I am glad I read if only so I can now say that Joanne Harris is now out of my system. I have definitely outgrown her writing. This book was an extreme disappointment. The plot was an interesting take on the Moslem issue, and could have been very powerful. If only the voices had been right and actually had some substance. Vianne Rocher came across as a busy body and Father Francis as a pathetic wimp in this sequel to Chocolat. Roux was a non-entity. The characters were superficial and the story ...more
K.
12/10/2016
I...was surprised by how long it took me to get into this on reread. I adore both Chocolat and The Lollipop Shoes, and ULTIMATELY I loved this one. It just took a long time to get there. I loved the idea of Vianne coming full circle, back to where her story started. I loved her effectively teaming up with Pere Reynaud to sort out Lansquenet's ridiculous judginess all over again.

It's full of racial and religious tension, of ignorance and snap judgments. It's full of twists and turns
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*MystGrrl Reviews*
"It came on the wind of Ramadan..."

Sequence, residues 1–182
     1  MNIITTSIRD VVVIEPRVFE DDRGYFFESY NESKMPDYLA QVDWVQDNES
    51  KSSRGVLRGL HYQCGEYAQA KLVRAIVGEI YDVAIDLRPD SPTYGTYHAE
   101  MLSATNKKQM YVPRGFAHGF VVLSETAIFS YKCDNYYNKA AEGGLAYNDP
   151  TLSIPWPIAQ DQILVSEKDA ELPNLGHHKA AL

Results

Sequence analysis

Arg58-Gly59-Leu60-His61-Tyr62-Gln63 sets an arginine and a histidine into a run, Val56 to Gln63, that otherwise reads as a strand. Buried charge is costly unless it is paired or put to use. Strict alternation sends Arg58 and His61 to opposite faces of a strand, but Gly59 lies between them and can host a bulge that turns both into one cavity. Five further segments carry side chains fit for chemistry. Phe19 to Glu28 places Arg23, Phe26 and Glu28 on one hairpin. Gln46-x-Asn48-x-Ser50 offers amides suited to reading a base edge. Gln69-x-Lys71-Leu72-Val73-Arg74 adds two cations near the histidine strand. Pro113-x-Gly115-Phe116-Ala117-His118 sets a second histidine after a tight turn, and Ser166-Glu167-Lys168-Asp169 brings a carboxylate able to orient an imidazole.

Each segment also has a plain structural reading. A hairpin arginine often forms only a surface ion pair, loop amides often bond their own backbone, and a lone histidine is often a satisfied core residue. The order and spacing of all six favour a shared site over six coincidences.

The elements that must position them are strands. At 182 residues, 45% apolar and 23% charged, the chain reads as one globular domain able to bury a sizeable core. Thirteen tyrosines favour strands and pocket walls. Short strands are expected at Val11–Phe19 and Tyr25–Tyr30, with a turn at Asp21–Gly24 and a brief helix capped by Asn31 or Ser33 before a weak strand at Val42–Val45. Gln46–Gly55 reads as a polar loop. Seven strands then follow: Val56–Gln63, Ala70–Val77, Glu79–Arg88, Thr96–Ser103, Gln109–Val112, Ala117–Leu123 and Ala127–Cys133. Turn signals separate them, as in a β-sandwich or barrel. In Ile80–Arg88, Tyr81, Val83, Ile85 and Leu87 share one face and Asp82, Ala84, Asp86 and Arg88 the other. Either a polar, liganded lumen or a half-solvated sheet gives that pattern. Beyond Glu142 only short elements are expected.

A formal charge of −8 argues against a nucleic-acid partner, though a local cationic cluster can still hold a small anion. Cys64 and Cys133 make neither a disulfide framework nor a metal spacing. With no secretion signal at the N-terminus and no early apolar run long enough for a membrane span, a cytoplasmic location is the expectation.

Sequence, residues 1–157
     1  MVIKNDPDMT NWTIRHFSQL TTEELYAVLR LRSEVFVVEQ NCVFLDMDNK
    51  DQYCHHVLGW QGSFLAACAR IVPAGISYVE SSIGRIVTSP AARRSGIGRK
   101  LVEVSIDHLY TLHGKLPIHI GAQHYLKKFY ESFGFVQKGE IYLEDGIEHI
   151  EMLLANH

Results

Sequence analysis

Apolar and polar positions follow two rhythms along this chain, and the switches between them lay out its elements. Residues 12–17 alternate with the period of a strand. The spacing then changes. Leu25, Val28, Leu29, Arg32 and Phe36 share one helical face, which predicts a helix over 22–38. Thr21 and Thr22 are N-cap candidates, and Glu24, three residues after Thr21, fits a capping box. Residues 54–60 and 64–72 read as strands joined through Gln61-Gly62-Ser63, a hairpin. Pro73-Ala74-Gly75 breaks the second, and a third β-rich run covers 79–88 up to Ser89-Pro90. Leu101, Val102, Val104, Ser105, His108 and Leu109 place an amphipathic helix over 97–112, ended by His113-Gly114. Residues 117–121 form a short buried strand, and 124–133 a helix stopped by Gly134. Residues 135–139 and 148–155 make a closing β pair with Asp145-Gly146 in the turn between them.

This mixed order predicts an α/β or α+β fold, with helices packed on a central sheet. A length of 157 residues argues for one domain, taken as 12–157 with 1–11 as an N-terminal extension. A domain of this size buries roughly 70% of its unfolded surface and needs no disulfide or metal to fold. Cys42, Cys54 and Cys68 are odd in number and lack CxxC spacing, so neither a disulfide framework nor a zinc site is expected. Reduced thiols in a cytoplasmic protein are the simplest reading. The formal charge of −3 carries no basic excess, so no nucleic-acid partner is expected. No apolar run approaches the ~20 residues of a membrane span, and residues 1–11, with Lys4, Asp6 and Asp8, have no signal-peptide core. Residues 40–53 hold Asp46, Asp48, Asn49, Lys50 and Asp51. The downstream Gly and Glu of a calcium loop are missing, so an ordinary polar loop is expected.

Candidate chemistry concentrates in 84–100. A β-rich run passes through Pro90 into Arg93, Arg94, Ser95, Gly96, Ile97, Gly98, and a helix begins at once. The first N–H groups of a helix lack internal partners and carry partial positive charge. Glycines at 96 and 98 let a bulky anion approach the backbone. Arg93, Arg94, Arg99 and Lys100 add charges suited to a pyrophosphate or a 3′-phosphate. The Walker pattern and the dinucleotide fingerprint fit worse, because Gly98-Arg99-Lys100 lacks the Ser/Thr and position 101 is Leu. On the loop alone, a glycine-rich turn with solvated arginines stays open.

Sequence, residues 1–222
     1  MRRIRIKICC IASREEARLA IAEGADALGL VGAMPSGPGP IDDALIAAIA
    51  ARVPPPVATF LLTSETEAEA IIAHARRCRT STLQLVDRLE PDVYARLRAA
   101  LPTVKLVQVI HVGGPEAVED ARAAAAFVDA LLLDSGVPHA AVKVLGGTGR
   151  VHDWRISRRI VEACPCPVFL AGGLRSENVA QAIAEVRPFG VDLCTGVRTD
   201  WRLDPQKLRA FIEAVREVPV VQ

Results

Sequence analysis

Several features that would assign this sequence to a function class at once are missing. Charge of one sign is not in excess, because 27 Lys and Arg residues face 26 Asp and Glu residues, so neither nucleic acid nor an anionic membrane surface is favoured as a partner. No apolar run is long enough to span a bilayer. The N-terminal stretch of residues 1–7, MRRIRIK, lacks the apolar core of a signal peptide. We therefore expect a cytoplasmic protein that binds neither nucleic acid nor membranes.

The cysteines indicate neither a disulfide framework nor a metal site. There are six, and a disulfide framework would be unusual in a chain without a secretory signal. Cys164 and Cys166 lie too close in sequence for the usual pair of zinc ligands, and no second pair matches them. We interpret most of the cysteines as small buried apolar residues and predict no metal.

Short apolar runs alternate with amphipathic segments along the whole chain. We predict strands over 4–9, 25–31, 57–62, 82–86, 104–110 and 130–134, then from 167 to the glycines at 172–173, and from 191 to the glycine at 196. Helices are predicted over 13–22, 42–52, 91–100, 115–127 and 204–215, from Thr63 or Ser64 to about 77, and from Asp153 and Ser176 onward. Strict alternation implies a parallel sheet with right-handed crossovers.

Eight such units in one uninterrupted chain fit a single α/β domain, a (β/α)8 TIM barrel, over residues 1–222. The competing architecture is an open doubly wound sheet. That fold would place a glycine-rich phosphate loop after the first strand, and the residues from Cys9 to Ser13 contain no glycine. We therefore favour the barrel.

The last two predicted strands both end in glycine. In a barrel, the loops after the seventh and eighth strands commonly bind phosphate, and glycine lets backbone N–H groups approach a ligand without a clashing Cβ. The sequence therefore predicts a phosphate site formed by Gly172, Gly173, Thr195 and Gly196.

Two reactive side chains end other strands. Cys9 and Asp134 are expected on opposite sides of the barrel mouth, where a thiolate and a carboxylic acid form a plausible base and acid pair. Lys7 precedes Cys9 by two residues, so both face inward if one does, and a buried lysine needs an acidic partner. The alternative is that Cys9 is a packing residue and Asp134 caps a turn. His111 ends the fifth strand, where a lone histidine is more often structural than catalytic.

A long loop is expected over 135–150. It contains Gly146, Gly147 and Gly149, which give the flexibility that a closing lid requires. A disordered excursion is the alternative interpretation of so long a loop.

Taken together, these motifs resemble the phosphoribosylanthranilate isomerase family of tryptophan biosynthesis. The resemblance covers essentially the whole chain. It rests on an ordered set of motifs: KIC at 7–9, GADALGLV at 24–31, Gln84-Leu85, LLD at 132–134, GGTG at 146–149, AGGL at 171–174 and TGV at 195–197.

And with those few words I am once again immersed in the aromas and surrounded by the characters that made me fall in love with Joanne's creative storytelling.

Vianne Rocher and her two daughters are drawn back to Lansquenet at the behest of a letter from a much loved yet dearly departed friend from the past. Once she arrives Vianne realises the quaint little town she left behind 8 years ago has changed but not in the way she had hoped...

Things are not as they
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June
am struggling to rate this book..I love Joanne Harris' work and the writing is magical as usual..but the story brings up some issues regarding Islam, the face veil, attitudes to women.... and some of the characters' views on these subjects are very different from mine, which meant those elements of the story jarred with me. Perhaps therefore it'd be unfair of me to downgrade my rating of this book on that basis, so I'll leave it unrated...
Vonia
I am a big fan of magical realism and the use of food as character in fiction (which Harris pretty much pioneered). I did not like it in this book. For a good amount of the book, I could not figure out why. Then I realized that the themes and topics covered here are far more serious than others she had addressed in previous works.